The Art of Not Making: The New Artist / Artisan Relationship, by Michael Petry.
Publisher Thames & Hudson writes: Can an artist claim that an object is a work of art if it has been made for him or her by someone else? If so, who is the ‘author’ of such a work? And just what is the difference between a work of art and a work of craft?
The Art of Not Making tackles these questions head on, exploring the concepts of authorship, artistic originality, skill, craftsmanship and the creative act, and highlighting the vital role that skills from craft and industrial production play in the creation of some of today’s most innovative and sought-after works of art.
Michael Petry presents the art of over 115 contemporary artists – including Takashi Murakami, Matthew Barney, Tony Cragg, Cornelia Parker, Grayson Perry, Ai Weiwei, Daniel Buren and Carsten Höller – all of whom have one thing in common: they do not always make their own work. Instead, they often either employ others to produce it on their behalf, or appropriate objects made by someone else. Original interviews with the artists and artisans offer insights into this creative collaboration, which often produces works breathtaking in their scope and ambition.
Carsten Höller, Rhinoceros, 2005
Painters of the Renaissance did it, Damien Hirst does it and so does Takashi Murakami. Marcel Duchamp became one of the most influential artists in history for doing it. Each of these artists rely on external assistance to ‘do their job.’ Some have an idea for an artwork and entrust an assistant or the expert of another discipline or craft to actually make the whole piece. Others delegate only part of the process. We know that. Yet, in the mind of the public, the artist is still this individual of great mind, impeccable dexterity and expertise who’s behind every single element of his work.
Interestingly, Michael Petry draws parallels with cinema. A film is the result of a collaborative effort between actors, technicians, assistants, writers, etc. Yet, we never question the fact that it is the film director who is credited as the maker of the film.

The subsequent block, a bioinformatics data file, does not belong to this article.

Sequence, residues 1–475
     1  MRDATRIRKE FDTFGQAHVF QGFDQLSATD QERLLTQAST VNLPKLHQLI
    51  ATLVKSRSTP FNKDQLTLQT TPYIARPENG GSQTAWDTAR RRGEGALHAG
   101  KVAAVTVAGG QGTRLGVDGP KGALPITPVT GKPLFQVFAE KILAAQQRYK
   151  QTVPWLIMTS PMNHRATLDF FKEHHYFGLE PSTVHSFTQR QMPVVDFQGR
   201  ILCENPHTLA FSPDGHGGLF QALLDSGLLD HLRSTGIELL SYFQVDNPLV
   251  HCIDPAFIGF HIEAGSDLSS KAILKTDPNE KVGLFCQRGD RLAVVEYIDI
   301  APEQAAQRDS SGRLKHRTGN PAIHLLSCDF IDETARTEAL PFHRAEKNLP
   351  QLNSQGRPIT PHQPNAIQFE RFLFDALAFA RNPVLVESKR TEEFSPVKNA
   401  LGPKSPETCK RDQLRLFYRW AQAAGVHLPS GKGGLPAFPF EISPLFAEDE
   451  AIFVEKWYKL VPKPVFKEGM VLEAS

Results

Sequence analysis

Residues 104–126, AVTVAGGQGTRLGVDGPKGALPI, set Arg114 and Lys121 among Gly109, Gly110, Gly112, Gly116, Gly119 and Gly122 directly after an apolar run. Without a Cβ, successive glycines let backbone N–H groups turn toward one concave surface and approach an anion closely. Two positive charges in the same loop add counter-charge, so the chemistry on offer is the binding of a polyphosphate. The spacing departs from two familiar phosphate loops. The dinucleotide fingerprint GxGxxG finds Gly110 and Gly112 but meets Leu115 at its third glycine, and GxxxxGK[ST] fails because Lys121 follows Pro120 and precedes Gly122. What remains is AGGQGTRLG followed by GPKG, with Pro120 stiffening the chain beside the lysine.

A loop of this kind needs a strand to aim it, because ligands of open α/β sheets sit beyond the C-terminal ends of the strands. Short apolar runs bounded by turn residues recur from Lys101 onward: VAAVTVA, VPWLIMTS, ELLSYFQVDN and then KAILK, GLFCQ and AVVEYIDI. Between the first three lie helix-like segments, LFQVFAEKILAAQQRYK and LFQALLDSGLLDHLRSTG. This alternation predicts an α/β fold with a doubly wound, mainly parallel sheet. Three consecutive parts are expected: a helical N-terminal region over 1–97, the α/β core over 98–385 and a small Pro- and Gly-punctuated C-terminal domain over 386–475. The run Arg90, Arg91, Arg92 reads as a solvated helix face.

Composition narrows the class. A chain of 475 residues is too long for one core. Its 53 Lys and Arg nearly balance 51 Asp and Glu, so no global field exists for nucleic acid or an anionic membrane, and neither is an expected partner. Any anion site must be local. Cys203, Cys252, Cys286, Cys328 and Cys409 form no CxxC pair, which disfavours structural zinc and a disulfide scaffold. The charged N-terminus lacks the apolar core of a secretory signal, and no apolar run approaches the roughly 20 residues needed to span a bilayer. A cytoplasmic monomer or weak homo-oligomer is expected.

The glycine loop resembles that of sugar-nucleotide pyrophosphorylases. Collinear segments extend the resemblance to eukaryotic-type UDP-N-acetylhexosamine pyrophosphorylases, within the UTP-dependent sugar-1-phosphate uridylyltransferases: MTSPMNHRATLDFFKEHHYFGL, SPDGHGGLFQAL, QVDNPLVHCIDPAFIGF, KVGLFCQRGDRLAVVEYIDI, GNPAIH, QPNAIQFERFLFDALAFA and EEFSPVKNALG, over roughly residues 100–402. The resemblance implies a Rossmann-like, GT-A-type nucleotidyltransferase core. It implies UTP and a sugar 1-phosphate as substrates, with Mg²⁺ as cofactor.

Petry believes that the rise in this partnership between the artist and the artisan is partly due to the return in favour of a highly crafted aesthetic in art, an aesthetic that contrasts with the mass-manufactured one. Another factor is that museums and galleries need to create ‘spectacles’ that will attract visitors, and that often entails works of spectacular proportions, a challenge that usually requires the involvement of more than one person/skill.
The author had the pragmatic idea of interviewing (or maybe he had an assistant do it for him?) artists as well as professional makers and artists who work for other artists. He asks them the reason for their collaboration, how they deal with production issues, authorship issues and what happens when one of the parties is not satisfied with the final object.
The book is quite light in theory (since The Art of Not Making is one of those coffee table trophies, theories was probably not the whole point anyway) but it still manages to provide a historical perspective, a few thought-provoking ideas, many questions and almost as many leads to help readers answer them for themselves. It also contains hundreds of illustrations and for each artwork, the author attempts to retrace the production and the technical skills necessary to complete the piece.
A mushroom cloud weighting several tons and made of brass cooking utensils.
Subodh Gupta, Line of Control, 2008
Wool tapestry based on an engraving showing rioters burning and looting an orphanage in New York, partly hidden by the hand-cut felt silhouette of the hanged woman.
Kara Walker, A Warm Summer Evening in 1863, 2003
Rug produced by hand by women rugmakers in Arraiolos, Portugal, using a traditional needlepoint stitching technique invented there.
Carlos Noronha Feio, The End (Birth and Fertility – The Good News), 2008
The artist collected dead fighting dogs and lapdogs and had them stuffed and preserved by professional taxidermists.
Jochem Hendricks, Siblings, 2008
Jochem Hendricks, Siblings, 2008
I’ll never get tired of this one! Working with a taxidermist, the artist had the life-size cast made from a living animal. Body is made of polyvinyl, polyurethane foam and polyester resin. Eyes and horns are made of glass.
Carsten Höller, Hippopotamus, 2007
Animal Group, 2011. Installation view, “Experience,” New Museum. Photo © Benoit Pailley
Shedboatshed (Mobile Architecture No 2) is a real wooden shed that the artist bought, dismantled, reassembled into a boat which he rowed down the Rhine, dismantled then reassembled again as a shed to be exhibited in a Basel museum.
Simon Starling, Shedboard (Mobile Architecture N0 2), 2005
Houshiary and architect Pip Horne oversaw the fabrication of handmade clear-glass panels which were etched with patterns based on her paintings. The new window replaces the one that had been damaged by WWII bombings.
Shirazeh Houshiary, Commission for St Martin-In-The-Fields, 2008
Branching bronchia of a human lung made from glass and partially wrapped in silk extracted from the golden orb weaver spider. The silk is being developed for use in bullet-proof vests.
Christine Borland, Bullet Proof Breath, 2001
Doves made from Murano glass, then covered in ink.
Jan Fabre, Shitting Doves of Peace and Flying Rats, 2008